Tel: 905–690–4709 - Darryl Kirkland, Publisher

Lights, Cameras, Rigging!

Utorm - 1 U- Photo

The U-Torm from Cosmic Truss is designed to allow endless configurations – just don’t exceed its weight limit of 110 lbs. Photo courtesy of Cosmic Truss

Five Safety Guidelines to Take to Heart

Whether you are in a fixed facility of a portable church, if you have any type of lighting system, it’s safe to say you are familiar with trusses and rigging.  In order to maintain a safe environment, you need to get in the habit of checking your rigging on a regular basis and looking for signs of wear and tear – whether you move your equipment on a regular basis or not.  Below is a list of five common hazards you need to be aware of.

Unrated Hardware

Know the Safe Working Load (SWL) of all the components in your rigging system, and make sure you don’t exceed the SWL for the weakest component. Don’t cut corners and use hardware that does not have a SWL forged into it – they may cost less, but you’re risking a lot.  The last thing any HoW needs is a piece of equipment falling from the truss because it was too heavy for the bolt or clamp securing it.

Incomplete Installation

Make sure your rigging and all components are correctly installed.  Keep your installations neat and clean, and make sure all hardware is properly terminated. Keeping your rigging orderly makes inspections easier, and also helps ensure the forces on the components are within the equipment’s design limits.

Damaged Equipment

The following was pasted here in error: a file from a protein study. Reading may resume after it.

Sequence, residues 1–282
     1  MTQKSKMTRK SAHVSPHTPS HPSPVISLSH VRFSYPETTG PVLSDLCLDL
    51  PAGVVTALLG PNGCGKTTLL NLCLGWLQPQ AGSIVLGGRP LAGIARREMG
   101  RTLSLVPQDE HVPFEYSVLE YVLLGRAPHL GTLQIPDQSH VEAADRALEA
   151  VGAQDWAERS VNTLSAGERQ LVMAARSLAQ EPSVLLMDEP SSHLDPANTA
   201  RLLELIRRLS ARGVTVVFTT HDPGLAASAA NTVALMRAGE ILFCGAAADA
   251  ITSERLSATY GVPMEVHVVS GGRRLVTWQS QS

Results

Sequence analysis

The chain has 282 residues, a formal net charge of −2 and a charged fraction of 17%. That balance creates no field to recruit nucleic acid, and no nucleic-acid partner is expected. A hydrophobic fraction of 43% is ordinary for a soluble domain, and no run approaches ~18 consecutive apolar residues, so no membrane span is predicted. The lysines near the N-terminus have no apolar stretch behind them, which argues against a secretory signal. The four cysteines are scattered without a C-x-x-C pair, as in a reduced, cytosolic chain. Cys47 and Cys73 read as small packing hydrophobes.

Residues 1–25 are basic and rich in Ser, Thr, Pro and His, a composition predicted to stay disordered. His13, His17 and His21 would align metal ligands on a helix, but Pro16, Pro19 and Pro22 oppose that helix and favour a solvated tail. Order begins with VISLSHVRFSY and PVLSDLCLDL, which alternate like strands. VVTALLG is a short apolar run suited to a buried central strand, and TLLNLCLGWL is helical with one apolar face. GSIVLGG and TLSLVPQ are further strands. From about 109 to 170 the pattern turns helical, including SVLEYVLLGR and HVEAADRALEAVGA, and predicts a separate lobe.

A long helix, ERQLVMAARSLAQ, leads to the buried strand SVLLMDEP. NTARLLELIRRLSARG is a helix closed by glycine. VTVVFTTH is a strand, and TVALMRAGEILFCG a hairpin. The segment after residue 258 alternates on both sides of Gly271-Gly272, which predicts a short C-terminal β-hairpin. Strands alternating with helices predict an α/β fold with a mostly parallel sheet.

Your rigging is only as strong as its weakest link – a piece of damaged equipment is a danger to your entire system.  Replace damaged components right away, and try to replace them with components that have a great rating to help prevent damage in the future.  Never replace a broken or damaged part with a piece that has a lower SWL – that’s just asking for trouble.

Improper Use

Ensure that the components being used are appropriate for the application. Using equipment in jobs it was designed for, or modifying components to suit your needs, is dangerous.  Rigging and trussing components have strict guidelines for a reason!  Deviating from intended use is irresponsible and cause extensive damage to your gear, and – in extreme cases – can also cause injury and death.

Even though you are regularly monitoring your rigging and trussing (because you are, right?), you should arrange to have a professional come in once a year to inspect everything thoroughly.  If you’ve had to replace or repair any component in that year, keep a repair and maintenance log, which will help you identify problem spots.  Nothing lasts forever, but being proactive will prevent accidents before they happen.  You want people to be knocked out by your worship services, not falling fixtures!


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